Code 63.0102(B)(4), and even getting restraining orders which forbid
them from setting foot on the Torrey Pines City Park.
One Digger, who was issued a citation, asked the citing lifeguard
why he was doing it. The lifeguard, one Mr. T. Cicchetto, said that
the city was concerned about liability. He explained that if the
city builds nothing, and permits no one else to build, then it is
not liable. Then, if you fall and break your leg, it is you vs.
However, if the city builds even one step, or permits someone to
build a step, then the city is liable for any injuries, according to
In summary, the city puts bureaucratic
concerns ahead of the health and safety of its citizens. That,
ultimately, is the reason for this web site.
(added August 2001)
Free Print Shop
The Free Print
Shop has been in continuous operation since 1968, when it was
inspired into existence by the Diggers in conversation with the
communal group that formed around the project.
Check out their Free Charts that are so reminiscent in layout and intent of the
Free City News resource sheets. They have Free Eats, Free Shelter, Free Medical,
Neighborhood Fix-It and Free Pantry charts, all intended for San Francisco
Planet Drum Foundation
Planet Drum, which originated the Bioregional Ecology movement,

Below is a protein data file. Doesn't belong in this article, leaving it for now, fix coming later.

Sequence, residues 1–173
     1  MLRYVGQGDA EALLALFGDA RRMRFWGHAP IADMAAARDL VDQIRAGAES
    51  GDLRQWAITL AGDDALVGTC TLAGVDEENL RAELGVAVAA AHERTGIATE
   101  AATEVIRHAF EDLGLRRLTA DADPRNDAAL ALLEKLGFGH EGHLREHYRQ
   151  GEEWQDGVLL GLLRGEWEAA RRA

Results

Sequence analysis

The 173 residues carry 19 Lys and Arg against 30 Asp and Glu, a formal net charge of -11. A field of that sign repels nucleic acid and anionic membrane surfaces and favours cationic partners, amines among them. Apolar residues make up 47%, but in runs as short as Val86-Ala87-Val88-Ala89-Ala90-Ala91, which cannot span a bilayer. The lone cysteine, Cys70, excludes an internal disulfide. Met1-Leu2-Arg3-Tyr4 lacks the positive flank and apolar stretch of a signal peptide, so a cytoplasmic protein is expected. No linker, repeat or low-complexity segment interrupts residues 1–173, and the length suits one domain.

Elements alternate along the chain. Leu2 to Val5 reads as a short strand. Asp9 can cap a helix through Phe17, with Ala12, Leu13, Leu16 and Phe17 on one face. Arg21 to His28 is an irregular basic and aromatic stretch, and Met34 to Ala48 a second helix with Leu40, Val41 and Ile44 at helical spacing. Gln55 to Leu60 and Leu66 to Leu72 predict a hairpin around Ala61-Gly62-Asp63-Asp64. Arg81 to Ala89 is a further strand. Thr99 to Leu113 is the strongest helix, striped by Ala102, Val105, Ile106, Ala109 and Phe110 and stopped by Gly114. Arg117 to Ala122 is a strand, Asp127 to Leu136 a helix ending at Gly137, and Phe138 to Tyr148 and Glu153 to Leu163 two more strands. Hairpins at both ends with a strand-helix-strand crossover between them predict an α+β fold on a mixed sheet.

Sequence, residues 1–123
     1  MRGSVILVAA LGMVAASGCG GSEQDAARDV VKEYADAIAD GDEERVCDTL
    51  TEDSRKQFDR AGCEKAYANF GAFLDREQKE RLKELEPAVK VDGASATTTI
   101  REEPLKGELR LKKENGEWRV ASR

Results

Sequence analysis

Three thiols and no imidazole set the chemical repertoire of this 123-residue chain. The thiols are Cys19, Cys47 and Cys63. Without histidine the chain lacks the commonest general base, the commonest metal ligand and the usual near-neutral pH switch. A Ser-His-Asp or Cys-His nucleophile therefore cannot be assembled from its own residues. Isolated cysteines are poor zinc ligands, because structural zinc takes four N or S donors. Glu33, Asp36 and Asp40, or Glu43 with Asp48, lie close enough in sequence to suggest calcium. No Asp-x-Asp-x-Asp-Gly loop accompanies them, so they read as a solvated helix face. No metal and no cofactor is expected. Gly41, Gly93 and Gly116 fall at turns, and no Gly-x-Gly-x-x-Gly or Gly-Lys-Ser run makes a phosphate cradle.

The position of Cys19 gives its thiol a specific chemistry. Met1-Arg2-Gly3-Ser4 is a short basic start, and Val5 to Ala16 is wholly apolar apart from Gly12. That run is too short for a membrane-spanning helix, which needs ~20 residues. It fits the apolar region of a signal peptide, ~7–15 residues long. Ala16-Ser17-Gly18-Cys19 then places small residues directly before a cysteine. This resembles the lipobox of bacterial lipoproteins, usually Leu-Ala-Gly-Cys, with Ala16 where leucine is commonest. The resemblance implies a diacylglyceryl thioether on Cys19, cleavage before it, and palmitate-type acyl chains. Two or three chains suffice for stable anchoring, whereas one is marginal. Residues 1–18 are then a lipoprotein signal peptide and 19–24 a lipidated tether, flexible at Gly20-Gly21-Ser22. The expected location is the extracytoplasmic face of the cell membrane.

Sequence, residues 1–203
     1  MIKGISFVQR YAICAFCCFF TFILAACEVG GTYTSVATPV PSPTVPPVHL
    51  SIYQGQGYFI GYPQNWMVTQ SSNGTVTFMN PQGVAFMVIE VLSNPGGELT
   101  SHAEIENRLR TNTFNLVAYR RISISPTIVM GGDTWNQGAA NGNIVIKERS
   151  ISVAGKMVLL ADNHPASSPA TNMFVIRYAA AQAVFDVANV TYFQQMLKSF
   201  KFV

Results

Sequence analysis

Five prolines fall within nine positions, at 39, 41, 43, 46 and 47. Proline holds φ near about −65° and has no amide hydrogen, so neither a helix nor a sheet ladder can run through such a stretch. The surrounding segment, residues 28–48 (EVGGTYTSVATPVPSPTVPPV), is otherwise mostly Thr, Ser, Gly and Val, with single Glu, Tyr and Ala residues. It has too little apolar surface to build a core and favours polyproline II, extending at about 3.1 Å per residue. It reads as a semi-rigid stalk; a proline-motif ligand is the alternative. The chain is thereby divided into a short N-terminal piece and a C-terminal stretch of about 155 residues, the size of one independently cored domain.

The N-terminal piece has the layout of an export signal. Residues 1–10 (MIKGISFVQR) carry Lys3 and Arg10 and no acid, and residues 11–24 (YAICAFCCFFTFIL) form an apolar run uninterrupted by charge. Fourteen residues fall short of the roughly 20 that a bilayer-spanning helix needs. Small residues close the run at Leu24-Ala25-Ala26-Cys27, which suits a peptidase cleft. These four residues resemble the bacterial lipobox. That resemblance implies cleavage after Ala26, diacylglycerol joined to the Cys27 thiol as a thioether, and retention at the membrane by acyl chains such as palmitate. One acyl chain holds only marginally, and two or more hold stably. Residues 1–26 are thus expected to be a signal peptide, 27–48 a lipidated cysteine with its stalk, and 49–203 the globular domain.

was a continuation of the
evolutionary thread that began with guerilla theater of the SFMT and
evolved into the street theater of the Diggers. Peter Berg sent a report
on the Turtle Island Bioregional Gathering held in Mexico in November,
1996.: "Without the arguesome baggage of a political ideology, new
forces for change in political-cultural consciousness have begun
operating in response to present world realities. ...The concept of a bioregion is proving to be a practical
tool that can communicate older concerns in contemporary terms. It
represents a life-raft for survival and a new basis for alliances
between land-based groups to counter a rising tide of global
Food Not Bombs
The Food Not Bombs movement is remarkable for its congruence with the
Digger ideals, and yet the members profess no prior knowledge of the SF
(or English) Diggers. That's what makes social history so exciting some
times, the spontaneity and confluence of underground movements that
re-create basic forms that are never lost no matter how much repression
the State may mete out. Food Not Bombs is alive and well, and growing
with over 100 autonomous chapters serving food and social theater at
your local park. Food Not Bombs has had a home page at:
Let me know if there are other pages in their network.
Black Bear Ranch
From the home page of the
Black Bear Ranch:
and Andy are kind of focusing this page, but the intent is